Religious fervour is given a whole new, rather idiosyncratic, dynamic.

The parrot is a unique addition to the story, giving it a peculiar mixture of humour and pathos. Poor Félicité – so weirdly obsessed with her parrot; Félicité, who has nothing else to live for, no one else to show her any affection … and yet we can’t help but laugh at the eccentricity of it. The parrot must have struck Julian Barnes as the most enjoyable thing in this story too, as he went on to write the Booker-shortlisted Flaubert’s Parrot, which now I feel I must read. It has left me wondering how many parrots squawk through literature’s pages – off the top of my head, I can think of Bombafu, the parrot in Beryl Markham’s West with the Night, who whistles to his own destruction, and of course Long John Silver’s in Treasure Island. Surely there was one in one of the Swallows and Amazons? Any further suggestions curiously received below please!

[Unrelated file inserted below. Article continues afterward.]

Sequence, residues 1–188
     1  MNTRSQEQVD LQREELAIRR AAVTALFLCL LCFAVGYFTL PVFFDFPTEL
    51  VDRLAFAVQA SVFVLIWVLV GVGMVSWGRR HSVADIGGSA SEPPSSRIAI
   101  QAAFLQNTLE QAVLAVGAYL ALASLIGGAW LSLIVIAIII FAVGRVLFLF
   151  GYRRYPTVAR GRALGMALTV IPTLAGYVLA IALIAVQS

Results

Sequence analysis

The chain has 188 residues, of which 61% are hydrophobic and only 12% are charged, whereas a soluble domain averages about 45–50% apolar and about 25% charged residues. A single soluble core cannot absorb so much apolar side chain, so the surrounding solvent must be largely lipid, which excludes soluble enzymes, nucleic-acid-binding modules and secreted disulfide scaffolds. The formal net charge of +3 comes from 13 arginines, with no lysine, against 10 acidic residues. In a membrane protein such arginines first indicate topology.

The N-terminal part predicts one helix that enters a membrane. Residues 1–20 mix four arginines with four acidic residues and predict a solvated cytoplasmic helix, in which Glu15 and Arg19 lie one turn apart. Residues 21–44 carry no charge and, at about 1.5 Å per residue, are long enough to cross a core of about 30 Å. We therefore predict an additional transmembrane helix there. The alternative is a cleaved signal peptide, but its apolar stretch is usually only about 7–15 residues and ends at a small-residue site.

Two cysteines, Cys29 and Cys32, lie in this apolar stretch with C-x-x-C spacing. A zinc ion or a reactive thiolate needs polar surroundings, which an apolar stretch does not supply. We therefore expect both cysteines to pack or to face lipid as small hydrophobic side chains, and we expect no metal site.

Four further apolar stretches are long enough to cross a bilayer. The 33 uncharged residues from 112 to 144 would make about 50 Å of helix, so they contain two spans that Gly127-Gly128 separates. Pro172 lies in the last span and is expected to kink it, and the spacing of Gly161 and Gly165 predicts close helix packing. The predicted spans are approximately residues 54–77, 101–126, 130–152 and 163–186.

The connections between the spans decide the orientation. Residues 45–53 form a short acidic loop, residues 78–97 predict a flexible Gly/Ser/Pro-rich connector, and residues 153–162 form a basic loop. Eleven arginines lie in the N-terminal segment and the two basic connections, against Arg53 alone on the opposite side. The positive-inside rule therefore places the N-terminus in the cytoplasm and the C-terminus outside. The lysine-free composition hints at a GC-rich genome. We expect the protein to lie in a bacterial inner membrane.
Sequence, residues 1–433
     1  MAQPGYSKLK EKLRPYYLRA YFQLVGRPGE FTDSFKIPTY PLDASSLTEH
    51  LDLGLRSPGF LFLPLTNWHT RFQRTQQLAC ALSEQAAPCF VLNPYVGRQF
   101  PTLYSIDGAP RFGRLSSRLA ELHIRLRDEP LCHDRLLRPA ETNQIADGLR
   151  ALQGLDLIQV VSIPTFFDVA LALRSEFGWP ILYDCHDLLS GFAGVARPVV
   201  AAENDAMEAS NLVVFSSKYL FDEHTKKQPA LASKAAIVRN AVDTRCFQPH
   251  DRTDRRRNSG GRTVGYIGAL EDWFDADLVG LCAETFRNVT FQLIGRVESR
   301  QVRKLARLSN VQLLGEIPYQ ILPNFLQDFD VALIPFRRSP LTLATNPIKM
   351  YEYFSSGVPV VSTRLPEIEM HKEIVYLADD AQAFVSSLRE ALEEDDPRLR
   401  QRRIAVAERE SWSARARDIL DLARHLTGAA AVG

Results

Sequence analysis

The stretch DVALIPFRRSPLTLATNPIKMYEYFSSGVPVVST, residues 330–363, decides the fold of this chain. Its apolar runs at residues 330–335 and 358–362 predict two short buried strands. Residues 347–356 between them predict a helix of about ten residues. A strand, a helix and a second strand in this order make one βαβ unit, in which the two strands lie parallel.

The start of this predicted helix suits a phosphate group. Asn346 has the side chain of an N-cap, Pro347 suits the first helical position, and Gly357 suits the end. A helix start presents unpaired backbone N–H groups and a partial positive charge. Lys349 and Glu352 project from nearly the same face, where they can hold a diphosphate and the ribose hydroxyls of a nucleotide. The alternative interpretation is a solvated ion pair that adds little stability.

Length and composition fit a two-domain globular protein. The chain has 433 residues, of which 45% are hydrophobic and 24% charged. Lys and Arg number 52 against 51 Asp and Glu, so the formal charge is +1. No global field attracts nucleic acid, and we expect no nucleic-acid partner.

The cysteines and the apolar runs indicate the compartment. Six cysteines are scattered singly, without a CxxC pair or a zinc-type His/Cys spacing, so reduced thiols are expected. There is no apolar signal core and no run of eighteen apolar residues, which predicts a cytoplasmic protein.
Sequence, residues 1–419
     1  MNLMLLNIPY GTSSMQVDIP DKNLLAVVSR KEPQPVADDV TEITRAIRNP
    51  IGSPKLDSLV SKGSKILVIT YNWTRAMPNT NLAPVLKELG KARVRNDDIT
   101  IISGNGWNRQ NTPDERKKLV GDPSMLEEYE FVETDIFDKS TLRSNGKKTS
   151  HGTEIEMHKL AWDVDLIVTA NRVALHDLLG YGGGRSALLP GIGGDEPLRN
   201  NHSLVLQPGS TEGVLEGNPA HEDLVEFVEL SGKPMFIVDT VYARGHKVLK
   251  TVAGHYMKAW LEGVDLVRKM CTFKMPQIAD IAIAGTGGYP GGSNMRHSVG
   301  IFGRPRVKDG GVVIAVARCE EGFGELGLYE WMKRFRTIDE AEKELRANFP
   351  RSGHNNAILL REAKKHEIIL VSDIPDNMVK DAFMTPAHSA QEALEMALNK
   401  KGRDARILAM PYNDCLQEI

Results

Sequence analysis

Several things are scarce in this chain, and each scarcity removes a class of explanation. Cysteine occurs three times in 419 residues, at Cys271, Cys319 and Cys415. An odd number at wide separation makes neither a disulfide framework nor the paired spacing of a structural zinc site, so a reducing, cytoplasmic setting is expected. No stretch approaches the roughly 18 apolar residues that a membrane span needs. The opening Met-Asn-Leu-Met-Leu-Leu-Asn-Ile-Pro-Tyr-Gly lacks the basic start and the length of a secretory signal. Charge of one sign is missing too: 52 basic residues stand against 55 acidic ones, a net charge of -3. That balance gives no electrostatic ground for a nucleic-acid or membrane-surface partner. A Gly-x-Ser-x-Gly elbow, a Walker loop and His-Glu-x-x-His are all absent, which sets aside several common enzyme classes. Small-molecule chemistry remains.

Enough about parrots… The second story in Three Tales, ‘The Legend of Saint Julian Hospitator’, has the feel of religion fused with myth that you find in something like ‘Sir Gawain and the Green Knight’. Young Julian develops an inexplicable blood lust and goes out hunting, wreaking absolute carnage. Then a great stag comes up to him and ‘uttered this thrice-repeated warning:’

“Beware! Beware! Beware! A curse lies upon you! One day, O savage heart, you will kill your father and your mother!”

Julian is so upset by this, and by a subsequent near miss when he pierces his mother’s bonnet with his javelin, thinking it was a stork, that he flees home and becomes a great warrior. Only one has a feeling that, like in the Greek tragedies, his fate will have an unexpected means of catching up with him…

The third tale is ‘Herodias’, which is a very Flaubertian reworking of the Biblical tale of Salome and John the Baptist. It is full of incidental detail like the oddly practical final line:

Because the head was very heavy, they took it in turns to carry it.

I was left puzzling over what ties the stories together, other than Flaubert’s minute attention to all the objects. What could simple Félicité and her parrot have in common with warrior Julian and manipulative Herodias?